After observing a preserved limited express train, the EMU 1720 series, I moved to the indoor exhibition hall in Tobu Museum. One of the interesting exhibitions in the hall was a historical steam locomotive (SL), Unit 5 of Class B1.
Class B1 was Tobu's first SL. It was launched in 1899, when the Tobu line was opened. 6 units in total were imported from Beyer, Peacock and Company Limited, UK, in 1898 and 1907. Class B1 is a 4-4-0 (Whyte notation) type SL that has a tender attached. It's 14.217 meters long, 2.305 meters wide, and 3.658 meters high. It weighs 31.4 tons except for the tender. The driving wheel diameter is 1,372 millimeters. Technical specifications of Class B1 are almost the same as those of the ex-Japanese National Railways' Class 5500, but the boiler pressure of Class B1 was decreased from 11.3 to 10.5 kilograms per square centimeter.
After operating for over 60 years, Class B1 was retired from the track in 1963. Two units, namely Unit 5 and 6, are currently exhibited in Tobu Museum. Unit 5 is restored to its original form, and exhibited in the indoor hall; meanwhile, Unit 6 is preserved as its appearance when it was retired, and exhibited outside the hall. The slim body with a gold-colored steam dome made of brass is very beautiful. The red-colored and bow-shaped name plate on the splasher of the first driving wheel attracts the visitor's attention. I fully enjoyed this precious SL in Tobu Museum.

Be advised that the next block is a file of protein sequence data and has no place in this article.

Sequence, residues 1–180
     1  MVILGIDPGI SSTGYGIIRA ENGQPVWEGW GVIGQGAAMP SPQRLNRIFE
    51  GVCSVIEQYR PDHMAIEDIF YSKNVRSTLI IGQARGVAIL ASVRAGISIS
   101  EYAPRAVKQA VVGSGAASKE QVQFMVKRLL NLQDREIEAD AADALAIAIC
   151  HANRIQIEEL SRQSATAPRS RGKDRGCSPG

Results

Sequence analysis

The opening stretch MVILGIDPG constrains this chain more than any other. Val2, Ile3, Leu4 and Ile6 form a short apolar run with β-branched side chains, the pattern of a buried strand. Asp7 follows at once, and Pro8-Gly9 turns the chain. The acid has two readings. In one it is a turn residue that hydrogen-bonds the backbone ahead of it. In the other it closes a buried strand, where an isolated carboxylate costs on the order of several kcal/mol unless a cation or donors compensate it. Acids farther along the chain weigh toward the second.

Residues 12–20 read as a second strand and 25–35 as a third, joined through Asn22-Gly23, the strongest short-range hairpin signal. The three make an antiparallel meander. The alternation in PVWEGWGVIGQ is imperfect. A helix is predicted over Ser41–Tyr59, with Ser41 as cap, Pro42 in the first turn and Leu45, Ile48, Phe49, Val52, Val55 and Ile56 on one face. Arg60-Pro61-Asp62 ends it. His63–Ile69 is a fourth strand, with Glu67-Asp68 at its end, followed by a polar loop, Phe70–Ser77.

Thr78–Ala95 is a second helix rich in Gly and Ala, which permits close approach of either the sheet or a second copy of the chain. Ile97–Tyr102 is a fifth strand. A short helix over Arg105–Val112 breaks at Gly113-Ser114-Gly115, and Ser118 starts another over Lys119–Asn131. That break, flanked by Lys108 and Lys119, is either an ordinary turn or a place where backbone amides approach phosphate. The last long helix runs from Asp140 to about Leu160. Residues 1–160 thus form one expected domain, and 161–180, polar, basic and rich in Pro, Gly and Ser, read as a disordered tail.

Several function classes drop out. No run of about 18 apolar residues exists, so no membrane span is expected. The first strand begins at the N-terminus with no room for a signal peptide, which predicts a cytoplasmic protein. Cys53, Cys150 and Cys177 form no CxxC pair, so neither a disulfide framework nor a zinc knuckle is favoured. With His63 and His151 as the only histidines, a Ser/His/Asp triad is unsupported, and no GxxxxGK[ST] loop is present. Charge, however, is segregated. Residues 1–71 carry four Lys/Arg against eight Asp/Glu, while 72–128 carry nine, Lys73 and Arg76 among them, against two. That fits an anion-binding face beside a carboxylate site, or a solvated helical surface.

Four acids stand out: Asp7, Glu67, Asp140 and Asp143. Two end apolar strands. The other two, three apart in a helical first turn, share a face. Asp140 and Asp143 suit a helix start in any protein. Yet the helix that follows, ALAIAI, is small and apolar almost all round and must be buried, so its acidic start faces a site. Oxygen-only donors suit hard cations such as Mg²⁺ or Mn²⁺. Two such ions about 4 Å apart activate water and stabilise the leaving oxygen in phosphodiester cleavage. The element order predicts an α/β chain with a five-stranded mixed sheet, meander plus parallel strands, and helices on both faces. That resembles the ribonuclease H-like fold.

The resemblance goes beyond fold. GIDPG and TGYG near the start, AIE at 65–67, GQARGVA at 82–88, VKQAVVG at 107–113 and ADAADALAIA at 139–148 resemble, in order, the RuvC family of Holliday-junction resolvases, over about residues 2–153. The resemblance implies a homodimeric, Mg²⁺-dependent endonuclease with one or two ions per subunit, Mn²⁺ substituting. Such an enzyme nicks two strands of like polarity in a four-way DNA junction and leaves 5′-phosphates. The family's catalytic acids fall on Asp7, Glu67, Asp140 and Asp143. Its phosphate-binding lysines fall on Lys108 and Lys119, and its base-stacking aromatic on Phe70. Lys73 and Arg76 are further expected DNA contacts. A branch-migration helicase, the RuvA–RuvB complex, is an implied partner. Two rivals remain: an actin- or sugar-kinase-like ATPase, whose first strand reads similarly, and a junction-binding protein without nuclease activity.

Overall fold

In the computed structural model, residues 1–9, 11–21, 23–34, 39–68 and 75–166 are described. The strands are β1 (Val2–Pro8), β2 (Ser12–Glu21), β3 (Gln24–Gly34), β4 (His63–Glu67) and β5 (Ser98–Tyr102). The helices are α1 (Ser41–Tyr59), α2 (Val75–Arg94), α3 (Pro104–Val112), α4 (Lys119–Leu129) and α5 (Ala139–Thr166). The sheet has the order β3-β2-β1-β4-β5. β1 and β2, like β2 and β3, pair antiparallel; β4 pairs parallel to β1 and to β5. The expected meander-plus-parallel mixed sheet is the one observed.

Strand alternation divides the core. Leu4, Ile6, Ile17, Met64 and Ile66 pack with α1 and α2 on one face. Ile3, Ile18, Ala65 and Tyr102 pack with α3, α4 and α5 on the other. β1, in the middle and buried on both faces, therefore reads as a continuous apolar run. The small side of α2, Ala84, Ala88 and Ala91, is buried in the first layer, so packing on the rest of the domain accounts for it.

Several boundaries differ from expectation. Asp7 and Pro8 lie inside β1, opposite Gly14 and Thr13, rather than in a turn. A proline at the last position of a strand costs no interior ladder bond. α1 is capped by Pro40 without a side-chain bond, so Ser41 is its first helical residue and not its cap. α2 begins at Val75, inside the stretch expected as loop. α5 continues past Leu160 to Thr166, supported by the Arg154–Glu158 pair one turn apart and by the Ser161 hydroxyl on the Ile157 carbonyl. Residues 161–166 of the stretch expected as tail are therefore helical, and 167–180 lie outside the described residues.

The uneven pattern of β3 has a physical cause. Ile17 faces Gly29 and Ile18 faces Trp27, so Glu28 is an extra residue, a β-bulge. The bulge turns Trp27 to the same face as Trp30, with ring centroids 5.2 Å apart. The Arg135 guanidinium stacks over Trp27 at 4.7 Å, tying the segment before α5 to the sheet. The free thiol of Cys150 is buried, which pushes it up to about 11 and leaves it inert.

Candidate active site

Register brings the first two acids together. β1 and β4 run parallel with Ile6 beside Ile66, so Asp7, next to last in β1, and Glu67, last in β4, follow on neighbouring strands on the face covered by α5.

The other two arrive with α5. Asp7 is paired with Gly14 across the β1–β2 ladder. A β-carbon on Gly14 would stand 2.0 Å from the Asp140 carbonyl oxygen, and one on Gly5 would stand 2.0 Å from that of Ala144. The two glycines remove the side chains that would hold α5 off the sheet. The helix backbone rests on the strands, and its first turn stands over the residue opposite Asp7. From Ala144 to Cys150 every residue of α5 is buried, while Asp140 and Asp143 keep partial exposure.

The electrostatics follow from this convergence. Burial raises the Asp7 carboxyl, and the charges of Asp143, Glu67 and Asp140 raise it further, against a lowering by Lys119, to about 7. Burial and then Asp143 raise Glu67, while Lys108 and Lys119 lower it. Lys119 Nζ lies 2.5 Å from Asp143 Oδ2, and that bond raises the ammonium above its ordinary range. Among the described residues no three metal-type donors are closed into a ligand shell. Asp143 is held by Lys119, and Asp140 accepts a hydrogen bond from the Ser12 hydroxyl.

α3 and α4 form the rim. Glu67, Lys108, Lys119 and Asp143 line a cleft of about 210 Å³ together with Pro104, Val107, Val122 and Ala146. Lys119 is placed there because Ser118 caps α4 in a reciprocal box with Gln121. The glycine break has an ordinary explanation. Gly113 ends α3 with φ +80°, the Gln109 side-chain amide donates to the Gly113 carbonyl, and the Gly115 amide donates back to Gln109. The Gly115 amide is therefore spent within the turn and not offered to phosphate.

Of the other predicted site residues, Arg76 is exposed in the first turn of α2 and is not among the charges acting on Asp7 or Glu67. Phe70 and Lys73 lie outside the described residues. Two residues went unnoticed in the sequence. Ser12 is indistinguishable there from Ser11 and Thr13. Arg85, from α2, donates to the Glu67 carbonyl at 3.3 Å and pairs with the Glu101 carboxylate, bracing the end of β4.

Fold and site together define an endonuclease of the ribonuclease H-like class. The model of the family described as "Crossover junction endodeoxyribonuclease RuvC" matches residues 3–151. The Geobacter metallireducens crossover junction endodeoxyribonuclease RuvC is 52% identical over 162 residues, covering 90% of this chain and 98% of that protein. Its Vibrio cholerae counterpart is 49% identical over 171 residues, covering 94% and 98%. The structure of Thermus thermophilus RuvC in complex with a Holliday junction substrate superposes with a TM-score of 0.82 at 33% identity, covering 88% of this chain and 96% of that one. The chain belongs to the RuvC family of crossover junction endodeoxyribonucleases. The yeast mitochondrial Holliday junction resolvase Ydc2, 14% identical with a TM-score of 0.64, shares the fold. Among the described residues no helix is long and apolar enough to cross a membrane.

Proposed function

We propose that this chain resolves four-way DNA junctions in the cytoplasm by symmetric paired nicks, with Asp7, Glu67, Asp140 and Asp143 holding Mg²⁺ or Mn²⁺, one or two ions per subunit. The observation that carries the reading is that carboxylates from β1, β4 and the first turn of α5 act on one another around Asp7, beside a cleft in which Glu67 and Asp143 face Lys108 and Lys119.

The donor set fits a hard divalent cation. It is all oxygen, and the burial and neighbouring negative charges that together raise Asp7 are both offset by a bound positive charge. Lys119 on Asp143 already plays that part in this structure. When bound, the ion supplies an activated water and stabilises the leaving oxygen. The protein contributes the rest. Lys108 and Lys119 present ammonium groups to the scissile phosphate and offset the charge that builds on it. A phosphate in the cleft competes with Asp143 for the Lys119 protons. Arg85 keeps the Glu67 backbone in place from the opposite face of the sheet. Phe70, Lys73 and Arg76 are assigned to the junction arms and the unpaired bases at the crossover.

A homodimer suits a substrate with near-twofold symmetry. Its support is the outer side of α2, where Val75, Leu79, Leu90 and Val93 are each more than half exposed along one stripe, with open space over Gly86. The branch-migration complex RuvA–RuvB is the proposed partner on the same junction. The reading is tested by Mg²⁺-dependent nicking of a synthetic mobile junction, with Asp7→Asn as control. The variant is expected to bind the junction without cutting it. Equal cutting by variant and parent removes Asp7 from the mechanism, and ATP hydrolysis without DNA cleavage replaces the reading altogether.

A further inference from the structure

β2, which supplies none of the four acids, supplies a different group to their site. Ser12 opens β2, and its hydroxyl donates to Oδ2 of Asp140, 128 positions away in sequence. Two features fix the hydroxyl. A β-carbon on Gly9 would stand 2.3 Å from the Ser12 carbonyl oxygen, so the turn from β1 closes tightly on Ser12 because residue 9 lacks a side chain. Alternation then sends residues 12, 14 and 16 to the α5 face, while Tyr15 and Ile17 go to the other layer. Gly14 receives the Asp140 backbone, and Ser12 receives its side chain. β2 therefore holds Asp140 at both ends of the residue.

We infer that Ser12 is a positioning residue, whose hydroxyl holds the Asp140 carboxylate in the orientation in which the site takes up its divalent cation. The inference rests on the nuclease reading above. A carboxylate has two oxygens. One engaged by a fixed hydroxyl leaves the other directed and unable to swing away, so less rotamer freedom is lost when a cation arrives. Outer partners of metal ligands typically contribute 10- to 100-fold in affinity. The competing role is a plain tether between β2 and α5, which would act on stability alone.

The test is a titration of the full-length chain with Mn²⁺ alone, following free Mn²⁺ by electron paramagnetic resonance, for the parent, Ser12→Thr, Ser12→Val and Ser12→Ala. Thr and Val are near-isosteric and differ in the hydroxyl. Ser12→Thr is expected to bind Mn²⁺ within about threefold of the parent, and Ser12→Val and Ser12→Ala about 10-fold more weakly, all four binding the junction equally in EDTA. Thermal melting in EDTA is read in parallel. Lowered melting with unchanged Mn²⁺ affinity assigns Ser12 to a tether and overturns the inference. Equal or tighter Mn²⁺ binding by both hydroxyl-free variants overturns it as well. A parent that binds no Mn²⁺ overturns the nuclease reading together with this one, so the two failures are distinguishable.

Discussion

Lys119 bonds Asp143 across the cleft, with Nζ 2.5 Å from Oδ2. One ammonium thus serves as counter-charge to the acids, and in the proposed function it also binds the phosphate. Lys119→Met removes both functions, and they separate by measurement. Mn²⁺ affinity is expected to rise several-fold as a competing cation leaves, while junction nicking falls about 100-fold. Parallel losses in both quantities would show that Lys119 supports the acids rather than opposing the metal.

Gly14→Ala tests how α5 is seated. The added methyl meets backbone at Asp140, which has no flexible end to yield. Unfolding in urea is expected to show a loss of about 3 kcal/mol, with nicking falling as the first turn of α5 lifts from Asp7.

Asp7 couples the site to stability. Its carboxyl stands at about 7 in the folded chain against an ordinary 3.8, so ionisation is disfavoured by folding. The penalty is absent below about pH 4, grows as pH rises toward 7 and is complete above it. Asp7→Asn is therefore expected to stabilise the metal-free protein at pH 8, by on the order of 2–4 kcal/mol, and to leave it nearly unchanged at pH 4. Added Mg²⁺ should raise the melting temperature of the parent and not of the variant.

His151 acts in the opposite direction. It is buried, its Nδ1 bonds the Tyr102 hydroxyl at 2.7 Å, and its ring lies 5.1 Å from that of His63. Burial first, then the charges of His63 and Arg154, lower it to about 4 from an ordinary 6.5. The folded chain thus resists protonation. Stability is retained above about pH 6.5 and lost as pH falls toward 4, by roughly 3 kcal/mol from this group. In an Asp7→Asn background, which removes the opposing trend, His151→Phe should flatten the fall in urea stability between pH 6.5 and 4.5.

To be continued...